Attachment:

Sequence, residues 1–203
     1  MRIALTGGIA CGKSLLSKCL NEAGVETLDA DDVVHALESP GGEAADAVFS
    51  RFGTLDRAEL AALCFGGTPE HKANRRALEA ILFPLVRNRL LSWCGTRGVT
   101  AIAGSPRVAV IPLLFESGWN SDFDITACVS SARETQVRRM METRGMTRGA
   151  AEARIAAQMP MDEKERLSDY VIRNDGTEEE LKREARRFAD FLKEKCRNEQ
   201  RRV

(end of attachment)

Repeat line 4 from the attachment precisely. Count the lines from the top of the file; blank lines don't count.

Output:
   101  AIAGSPRVAV IPLLFESGWN SDFDITACVS SARETQVRRM METRGMTRGA